7 Boating Etiquette Tips

March 2012 News

See the sun peeking through the clouds? Feel that breeze that isn't entirely bone-chilling? These are signs, my friends. Signs that our long national nightmare of winter is over, and summer is just around the corner. Now, I know we're all excited to get back on the lake or reservoir or wherever we carve up the water, but all that enthusiasm can lead to moments of conflict with our fellow men (and women), and we don't want that. Ever had another boater cut uncomfortably close across your bow? Just about gave you a heart attack and made you jumpy the rest of the day, didn't it? While we all believe we'd never be the inattentive or rude one to cause another person that kind of stress, the truth is we can all probably use a reminder or two about boating etiquette.

And that's what Better Boater is all about, right? Teaching some of the newcomers to the crowd important lessons about the boating lifestyle, while helping reinforce these ideas to those who have been around a few seasons.

Tow Smart

Let's start on our way to the lake. When towing a pontoon or deck boat our focus should be on not creating an accident that makes it on the 6 o'clock news. Advocacy group www.dangeroustrailers.org reports 15,211 people died from 1975 to 2008 in accidents involving trailers. Virginia even created a new law last year requiring all trailers to have an emergency chain or cable to keep it connected to the towing vehicle. So ensure your boat won't go careening down the interstate (see the Feb 2011 issue of PDB for more information on trailering your boat), but also be sure to watch the traffic around you. Double and triple check that the lane next to you is really clear before you move into it. Don't follow vehicles too closely, as you need more stopping room than you may be used to, thanks to the extra few thousand pounds attached to your hitch.

Launching Rules

Once you've arrived at the dock, keep that watchful eye. If there are other boats waiting to use your launch ramp, go about your business as quickly as possible (while remaining safe). Put the drain plug in, remove the tie-down straps and do the other pre-launch requirements while waiting in line. Don't dilly dally about talking with your buddies or waiting for Bob to retrieve your Cheetos from his truck. Every minute you unnecessarily make someone else wait is a minute you stole from their fun day on the water. If you're looking to go the extra mile and generate some good karma, wander down the line and offer to help launch others who may need help with the process. Making friends never hurts, and if the line disappears that much more quickly, everyone wins.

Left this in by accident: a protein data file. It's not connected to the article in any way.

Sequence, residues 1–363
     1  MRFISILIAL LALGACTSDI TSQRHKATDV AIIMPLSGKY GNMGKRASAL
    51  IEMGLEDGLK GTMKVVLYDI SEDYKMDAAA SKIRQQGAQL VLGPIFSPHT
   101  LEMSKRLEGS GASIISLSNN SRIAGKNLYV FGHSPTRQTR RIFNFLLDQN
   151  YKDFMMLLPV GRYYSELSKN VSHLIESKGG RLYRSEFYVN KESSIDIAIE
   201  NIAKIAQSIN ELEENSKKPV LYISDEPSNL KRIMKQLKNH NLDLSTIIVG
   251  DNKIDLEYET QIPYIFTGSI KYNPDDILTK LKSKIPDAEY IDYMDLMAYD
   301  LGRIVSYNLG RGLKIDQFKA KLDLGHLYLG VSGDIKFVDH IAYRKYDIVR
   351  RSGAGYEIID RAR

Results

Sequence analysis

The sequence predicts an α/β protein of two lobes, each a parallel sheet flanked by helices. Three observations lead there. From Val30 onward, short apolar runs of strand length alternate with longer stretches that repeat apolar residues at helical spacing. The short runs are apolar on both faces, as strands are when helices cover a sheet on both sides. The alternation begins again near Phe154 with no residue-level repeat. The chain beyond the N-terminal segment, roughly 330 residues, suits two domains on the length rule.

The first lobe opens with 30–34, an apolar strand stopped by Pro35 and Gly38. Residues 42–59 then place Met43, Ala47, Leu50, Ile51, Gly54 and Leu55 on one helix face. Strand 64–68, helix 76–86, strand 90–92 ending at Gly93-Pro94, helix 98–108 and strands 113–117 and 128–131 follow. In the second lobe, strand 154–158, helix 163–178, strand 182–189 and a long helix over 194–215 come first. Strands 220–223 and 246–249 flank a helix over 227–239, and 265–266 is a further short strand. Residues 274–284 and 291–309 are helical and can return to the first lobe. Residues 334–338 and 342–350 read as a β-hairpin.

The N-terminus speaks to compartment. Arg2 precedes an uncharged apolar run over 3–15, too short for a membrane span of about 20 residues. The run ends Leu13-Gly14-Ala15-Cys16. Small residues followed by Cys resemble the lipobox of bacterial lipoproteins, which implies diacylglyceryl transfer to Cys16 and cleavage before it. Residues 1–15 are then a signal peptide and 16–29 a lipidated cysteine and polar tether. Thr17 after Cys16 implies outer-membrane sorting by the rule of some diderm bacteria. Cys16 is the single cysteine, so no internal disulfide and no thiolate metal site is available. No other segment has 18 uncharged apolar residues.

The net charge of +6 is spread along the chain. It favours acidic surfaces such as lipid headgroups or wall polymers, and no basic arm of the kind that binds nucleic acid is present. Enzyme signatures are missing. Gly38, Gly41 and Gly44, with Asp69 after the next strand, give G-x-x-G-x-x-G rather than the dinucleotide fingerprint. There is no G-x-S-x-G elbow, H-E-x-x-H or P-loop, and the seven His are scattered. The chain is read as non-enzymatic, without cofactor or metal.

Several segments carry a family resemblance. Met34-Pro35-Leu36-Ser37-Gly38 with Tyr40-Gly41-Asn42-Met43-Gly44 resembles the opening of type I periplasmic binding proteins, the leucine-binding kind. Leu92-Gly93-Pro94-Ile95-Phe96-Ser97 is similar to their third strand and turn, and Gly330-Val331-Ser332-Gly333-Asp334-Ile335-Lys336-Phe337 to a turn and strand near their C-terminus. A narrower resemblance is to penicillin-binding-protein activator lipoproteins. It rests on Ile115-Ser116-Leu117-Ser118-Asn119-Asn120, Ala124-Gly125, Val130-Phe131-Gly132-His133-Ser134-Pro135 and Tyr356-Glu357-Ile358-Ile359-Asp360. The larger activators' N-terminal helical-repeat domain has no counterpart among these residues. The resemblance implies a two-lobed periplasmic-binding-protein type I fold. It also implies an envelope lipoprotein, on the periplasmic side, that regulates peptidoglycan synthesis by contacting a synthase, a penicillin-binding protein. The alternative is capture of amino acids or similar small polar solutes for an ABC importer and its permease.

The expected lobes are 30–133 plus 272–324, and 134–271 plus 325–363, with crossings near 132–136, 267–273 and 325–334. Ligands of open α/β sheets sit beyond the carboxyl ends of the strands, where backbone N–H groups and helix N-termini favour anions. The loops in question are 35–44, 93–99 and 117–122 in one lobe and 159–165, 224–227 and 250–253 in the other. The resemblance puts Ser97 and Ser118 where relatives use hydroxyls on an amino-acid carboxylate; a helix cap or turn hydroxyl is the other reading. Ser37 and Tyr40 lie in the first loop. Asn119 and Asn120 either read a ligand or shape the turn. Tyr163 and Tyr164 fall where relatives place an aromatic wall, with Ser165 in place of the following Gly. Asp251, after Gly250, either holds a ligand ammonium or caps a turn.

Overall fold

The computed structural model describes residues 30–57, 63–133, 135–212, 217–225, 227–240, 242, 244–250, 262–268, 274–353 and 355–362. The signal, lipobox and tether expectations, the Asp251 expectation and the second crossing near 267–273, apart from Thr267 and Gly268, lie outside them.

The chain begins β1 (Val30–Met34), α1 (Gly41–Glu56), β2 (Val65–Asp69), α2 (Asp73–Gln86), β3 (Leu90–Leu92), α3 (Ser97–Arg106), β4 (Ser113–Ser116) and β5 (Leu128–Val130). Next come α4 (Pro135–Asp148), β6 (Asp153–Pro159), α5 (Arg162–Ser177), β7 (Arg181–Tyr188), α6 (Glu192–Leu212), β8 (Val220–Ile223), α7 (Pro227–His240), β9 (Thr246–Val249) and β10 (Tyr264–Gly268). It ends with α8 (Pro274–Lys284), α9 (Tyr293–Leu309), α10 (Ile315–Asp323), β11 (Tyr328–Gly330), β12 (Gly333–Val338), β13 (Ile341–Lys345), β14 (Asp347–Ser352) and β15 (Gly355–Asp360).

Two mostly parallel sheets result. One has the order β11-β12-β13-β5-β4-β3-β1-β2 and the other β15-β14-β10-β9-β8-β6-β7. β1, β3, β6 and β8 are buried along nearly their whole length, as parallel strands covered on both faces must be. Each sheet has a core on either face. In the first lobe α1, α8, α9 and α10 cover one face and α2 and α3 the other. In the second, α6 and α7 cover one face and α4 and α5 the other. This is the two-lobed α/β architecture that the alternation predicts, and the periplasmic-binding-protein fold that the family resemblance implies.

Keep To Yourself

Once you've quickly and efficiently gotten out onto the reservoir, make it your highest priority to give wide berth to other boaters, whether underway or not. Not only is it rude, it is also illegal in some places to pass too closely to someone else, as this endangers everyone involved. It can be hard to realize just how far-reaching the effects of your wake can be; at high speeds, you can rock a fishing boat a good distance away. Keep an especially far distance from boats pulling wakeboarders, skiers or tubers. While everyone knows to wave the orange flag when there are people in the water, everyone also forgets at times.

All this distance doesn't mean you should be unfriendly. If you anchor near another craft, take a second to wave at the other group, and maybe even introduce yourselves. In fact, this rule of making eye contact is a good way to ensure other boats see you, whether moving fast or not.

Make Yourself At Home

As a guest on another person's boat, don't forget to show respect to the owner while having a great time. These two goals are not incompatible, but if you damage the boat or make a nuisance of yourself, you probably won't be invited back. First and foremost, make it clear you're willing to help in any way required. Boating is not a one-man job, and your assistance in docking and other areas may be invaluable. Even if you're new to this sort of thing, being willing to do some work makes the voyage go more smoothly for everyone.

In addition, offer to pay expenses. Gasoline isn't cheap, especially for a boating trip, and the boat owner is losing money in other ways by sponsoring this fun. Finally, once the day is done, stick around after you've reached the shore and offer to help get the boat back on the trailer and get it covered again. All of this responsible behavior might cut into your "100 percent fun all the time" personal motto, but trust me: you'll get invited back more often if you prove you belong out there.

If everyone can follow these simple ideas while on the water this summer, we can make 2011 the best boating season ever! So, you know, no pressure.

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